Entangled Neighborhoods of Youth: Approaches to Housing for Young Urban Workers in the 1970s Romania
Mara MargineanGeorge Baritiu Institute of History, Cluj Napoca
September 17, 2019 / 4.00 pm
Library, Center for Urban History
At the end of the 1960s, the growing European and global expertise on youth, labor, and housing emerged as a central field of intellectual and political interest for the Romanian socialist state. To gauge productivity, resource distribution, and consumption, national authorities encouraged sociologists, architects, and urban planners to align their research methodologies to a trans-national conceptual framework informed by newly formulated post-Fordist categories and to investigate current social shifts to better human territoriality. While transfers of knowledge and professional interactions in various political and institutional settings have recently become essential dimensions of a renewed interest in late socialist attempts to "go global," little is known about how East-European states employed this emerging expertise to tackle domestic social and economic shifts, and even less in the intertwined domains of youth, labor, and housing policies.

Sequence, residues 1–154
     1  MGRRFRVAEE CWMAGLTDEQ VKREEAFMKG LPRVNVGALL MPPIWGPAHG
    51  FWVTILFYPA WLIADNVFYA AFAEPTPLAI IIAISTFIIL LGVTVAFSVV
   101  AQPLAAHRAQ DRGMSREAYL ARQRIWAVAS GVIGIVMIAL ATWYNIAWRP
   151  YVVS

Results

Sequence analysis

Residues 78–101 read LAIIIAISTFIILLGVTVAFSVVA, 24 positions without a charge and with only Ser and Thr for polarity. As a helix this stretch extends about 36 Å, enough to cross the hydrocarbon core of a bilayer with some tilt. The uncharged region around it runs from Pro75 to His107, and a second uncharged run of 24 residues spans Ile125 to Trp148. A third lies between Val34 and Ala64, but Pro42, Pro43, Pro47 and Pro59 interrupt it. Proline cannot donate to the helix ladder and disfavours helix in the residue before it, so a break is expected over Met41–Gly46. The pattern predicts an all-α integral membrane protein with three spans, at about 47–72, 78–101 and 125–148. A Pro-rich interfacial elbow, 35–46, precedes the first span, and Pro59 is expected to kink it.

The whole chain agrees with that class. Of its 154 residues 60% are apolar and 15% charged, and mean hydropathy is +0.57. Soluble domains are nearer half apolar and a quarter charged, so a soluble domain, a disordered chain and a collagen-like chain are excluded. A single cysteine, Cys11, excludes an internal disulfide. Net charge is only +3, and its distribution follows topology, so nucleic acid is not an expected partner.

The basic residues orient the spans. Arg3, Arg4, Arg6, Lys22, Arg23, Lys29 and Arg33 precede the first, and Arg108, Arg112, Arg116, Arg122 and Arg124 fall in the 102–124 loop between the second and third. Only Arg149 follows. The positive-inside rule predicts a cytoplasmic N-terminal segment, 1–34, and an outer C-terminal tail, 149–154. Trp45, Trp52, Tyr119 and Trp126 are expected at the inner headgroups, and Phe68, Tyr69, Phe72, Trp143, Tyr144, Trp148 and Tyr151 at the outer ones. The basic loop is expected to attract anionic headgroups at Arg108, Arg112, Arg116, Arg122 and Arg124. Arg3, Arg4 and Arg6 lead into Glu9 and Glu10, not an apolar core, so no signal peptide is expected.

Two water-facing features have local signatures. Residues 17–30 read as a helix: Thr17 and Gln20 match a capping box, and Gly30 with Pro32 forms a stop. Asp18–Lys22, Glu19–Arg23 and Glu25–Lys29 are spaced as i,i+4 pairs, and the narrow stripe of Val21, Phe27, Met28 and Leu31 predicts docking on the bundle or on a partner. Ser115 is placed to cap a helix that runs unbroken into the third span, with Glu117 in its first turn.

Mara’s project fills this gap by examining the Romanian state’s public housing programs for young workers between 1968 and 1990 as part of an encompassing global trend of making the "youth" into an object of professionalized knowledge and policy. It looks at how the internationalization of expertise by transnational production and circulation of knowledge changed the Romanian scientific practices and recalibrated the experts’ visibility within the state’s decision-making processes. It also explores how the everyday practices of working youth oriented both the experts’ research agenda and the state’s medium and long-term strategies of territorializing industrial production and its social infrastructure, and how housing programs reshaped the power relations between an emerging specialist field and Bucharest-based as well as local politicians. Her research will address two questions: First, how did a new political imaginary of socialist youth and its investigation in various micro-scientific contexts help the Romanian state rearticulate its politics of urban development in conjunction with its economic and cultural policy? Second, how was this political imaginary linked to the emergence of "youth" as an issue of knowledge, policy, and expertise at broader European and global level after 1968?
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